An Autistic School Board Member Sued for Discrimination. She Won $10.

When Sarah Hernandez joined the Enfield, Connecticut Board of Education in 2017, she had one goal: to make sure schools met the needs of students with disabilities. Among the first openly autistic candidates elected to public office in the country, she saw her victory as a sign that her small town was open to her perspective.

But if the voters were, his colleagues on the school board were not: They consistently denied him the accommodations he needed to do his job, according to a discrimination lawsuit he filed against the school board and the city of Enfield, which is 20 miles north of Hartford. The accommodations he requested, both because of her autism and because she is hard of hearing, included asking board members to communicate by text or email instead of by phone and to look at her while they spoke.

The court battle over the lawsuit, which accused the board and town of violating the Americans with Disabilities Act and the Rehabilitation Act of 1973, lasted more than four years. Last month, a jury sided with Ms. Hernandez and awarded her damages.

The amount? $10.

The nominal damages were the result of a 2022 Supreme Court decision, according to Stewart J. Schwab, a professor of labor and employment law at Cornell University. In Cummings v. Premier Rehab Keller, the court ruled that people suing under the Rehabilitation Act, which prohibits organizations that receive federal funds from discriminating against people with disabilities, could not recover damages for emotional distress.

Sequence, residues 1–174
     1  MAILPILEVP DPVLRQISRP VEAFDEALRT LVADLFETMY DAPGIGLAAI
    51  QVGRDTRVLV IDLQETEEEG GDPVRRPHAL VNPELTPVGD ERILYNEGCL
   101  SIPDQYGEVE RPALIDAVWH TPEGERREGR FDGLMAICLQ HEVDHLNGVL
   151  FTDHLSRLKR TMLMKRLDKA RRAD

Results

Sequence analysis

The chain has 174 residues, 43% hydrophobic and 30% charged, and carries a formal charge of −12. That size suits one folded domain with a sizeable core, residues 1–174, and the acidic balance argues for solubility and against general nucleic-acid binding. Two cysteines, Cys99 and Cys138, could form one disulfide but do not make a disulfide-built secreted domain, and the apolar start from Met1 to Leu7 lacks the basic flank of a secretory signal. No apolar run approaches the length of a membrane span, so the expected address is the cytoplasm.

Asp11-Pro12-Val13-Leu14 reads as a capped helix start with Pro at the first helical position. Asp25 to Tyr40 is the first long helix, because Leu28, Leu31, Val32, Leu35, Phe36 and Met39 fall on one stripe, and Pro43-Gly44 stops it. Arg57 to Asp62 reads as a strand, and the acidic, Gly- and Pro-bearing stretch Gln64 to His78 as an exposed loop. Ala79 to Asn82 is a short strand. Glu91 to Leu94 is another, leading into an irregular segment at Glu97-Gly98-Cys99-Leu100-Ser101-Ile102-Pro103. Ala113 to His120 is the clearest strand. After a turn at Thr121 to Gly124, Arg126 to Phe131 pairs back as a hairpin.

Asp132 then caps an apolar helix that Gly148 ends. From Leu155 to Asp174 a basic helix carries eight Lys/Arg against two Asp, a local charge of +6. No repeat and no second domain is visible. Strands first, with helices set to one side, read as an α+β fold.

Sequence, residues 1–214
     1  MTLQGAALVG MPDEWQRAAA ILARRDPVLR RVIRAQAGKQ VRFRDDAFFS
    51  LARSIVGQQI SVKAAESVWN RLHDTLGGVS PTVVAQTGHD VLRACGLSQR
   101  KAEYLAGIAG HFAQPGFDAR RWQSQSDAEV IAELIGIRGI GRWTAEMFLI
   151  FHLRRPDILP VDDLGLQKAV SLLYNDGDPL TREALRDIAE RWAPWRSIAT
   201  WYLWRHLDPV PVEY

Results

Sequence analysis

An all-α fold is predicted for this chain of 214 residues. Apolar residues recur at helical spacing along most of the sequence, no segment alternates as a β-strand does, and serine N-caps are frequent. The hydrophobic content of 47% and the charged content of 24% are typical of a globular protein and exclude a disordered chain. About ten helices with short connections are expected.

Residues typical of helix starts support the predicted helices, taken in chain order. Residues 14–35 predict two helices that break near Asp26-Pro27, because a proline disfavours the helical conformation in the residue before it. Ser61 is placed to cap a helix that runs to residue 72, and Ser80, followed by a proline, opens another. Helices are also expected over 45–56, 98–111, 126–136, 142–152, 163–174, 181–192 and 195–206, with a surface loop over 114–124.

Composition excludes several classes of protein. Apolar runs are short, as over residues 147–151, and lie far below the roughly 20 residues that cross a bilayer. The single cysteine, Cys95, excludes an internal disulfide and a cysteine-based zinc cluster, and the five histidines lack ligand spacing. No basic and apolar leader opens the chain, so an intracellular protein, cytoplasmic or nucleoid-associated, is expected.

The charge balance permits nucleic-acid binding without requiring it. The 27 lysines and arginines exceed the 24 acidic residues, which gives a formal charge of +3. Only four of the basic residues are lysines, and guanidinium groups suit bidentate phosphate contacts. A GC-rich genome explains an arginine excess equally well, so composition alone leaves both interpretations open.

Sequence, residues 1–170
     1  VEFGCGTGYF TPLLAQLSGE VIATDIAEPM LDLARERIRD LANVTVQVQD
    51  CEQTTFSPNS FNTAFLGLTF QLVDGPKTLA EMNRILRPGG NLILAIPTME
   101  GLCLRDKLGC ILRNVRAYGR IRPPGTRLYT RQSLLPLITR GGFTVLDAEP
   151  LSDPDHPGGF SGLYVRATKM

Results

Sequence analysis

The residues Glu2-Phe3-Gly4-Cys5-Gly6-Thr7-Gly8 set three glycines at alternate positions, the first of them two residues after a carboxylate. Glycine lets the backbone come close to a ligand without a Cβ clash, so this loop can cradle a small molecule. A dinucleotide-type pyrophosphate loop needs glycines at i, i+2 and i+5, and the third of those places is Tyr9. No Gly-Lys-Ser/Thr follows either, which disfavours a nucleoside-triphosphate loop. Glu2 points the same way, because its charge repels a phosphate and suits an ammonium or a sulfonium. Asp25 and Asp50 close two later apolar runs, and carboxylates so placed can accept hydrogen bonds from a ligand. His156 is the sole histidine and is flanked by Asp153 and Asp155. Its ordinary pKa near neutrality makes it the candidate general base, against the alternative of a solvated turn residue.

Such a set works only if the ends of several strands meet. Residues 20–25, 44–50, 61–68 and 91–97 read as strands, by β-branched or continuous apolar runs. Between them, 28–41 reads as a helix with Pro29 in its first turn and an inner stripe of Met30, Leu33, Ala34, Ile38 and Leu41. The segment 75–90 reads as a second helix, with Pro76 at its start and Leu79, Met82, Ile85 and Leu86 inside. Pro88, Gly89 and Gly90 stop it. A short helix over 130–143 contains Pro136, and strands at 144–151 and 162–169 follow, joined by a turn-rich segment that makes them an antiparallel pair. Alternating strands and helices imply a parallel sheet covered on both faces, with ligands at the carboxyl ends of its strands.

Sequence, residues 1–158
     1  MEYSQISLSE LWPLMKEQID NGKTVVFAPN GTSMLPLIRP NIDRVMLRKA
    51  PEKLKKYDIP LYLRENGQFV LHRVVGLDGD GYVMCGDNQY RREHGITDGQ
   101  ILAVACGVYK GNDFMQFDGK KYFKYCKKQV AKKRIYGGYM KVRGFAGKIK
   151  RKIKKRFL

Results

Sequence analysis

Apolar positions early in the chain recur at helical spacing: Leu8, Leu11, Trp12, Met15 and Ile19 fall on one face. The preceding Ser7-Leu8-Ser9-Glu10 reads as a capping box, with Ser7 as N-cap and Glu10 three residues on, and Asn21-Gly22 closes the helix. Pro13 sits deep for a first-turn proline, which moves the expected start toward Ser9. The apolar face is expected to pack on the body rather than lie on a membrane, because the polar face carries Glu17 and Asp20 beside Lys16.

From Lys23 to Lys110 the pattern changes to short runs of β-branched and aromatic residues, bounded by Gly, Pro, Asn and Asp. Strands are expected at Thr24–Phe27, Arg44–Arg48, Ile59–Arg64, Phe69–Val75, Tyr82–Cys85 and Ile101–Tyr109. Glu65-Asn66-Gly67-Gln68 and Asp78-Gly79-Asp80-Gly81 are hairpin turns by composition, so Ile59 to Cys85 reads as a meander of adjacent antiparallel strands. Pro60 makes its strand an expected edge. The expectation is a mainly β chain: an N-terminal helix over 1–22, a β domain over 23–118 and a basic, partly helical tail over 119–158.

Because the jury did not find that Ms. Hernandez had concretely demonstrated that her experience had physically harmed her, she was denied a substantial award.

“I’m incredibly proud of the nominal damages,” Hernandez, 44, said. “But it almost seems to me that they are saying that the mental health harms are not real.”

Despite the size of the settlement, the legal victory was significant, Schwab said. Discrimination lawsuits like this are often settled out of court, he said, because “these cases are difficult to win.”

Hernandez prefers emails and text messages to phone calls and group conversations because of her auditory processing issues, and finds long meetings exhausting. To address these and other challenges, he asked to receive printed summaries of what to expect at confidential meetings in advance, so he could better prepare and follow things, and also asked if he could pass notes to other board members if he needed anything. Cleared up.

Initially, board members seemed receptive. Timothy Neville, the board’s Democratic minority leader, sent an email to Hernandez after her election, congratulating her for “turning what many perceive as a disability into an ability.” And in a Facebook comment in 2019, Hernandez said the board seemed willing to “brainstorm the issue” of meeting her accommodation requests.

But according to court documents, board members were reluctant to communicate with Ms. Hernandez in writing, fearing that the messages “could be taken out of context” and used against her. Board members also believed, their attorneys said in court papers, that Ms. Hernandez “portrayed herself as a victim.” Lawyers for the Enfield school board and town council declined to comment.